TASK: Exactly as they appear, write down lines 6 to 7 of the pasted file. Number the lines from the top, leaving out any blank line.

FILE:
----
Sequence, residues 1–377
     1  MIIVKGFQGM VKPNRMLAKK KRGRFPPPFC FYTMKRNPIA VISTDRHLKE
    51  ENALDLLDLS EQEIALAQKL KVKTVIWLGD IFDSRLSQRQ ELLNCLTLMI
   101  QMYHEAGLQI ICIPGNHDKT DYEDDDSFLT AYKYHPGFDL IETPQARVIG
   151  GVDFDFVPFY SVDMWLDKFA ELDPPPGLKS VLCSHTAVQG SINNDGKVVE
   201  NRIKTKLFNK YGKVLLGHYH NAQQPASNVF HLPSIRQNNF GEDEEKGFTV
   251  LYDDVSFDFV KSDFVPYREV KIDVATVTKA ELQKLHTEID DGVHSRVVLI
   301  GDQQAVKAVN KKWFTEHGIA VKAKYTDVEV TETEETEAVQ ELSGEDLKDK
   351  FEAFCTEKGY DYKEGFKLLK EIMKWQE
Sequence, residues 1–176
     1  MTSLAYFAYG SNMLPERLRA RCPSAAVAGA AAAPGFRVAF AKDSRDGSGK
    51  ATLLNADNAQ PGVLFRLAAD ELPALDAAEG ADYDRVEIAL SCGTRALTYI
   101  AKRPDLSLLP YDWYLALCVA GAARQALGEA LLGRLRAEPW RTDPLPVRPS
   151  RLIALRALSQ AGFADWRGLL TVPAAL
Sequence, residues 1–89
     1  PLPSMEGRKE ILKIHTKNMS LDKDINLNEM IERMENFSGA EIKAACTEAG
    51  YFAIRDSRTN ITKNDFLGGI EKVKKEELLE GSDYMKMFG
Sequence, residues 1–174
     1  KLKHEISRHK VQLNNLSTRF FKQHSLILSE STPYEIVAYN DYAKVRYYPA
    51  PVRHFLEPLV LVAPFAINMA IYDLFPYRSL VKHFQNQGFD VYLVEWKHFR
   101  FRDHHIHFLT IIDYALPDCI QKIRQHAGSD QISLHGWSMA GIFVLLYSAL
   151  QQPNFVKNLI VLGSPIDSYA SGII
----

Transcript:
   201  NRIKTKLFNK YGKVLLGHYH NAQQPASNVF HLPSIRQNNF GEDEEKGFTV
   251  LYDDVSFDFV KSDFVPYREV KIDVATVTKA ELQKLHTEID DGVHSRVVLI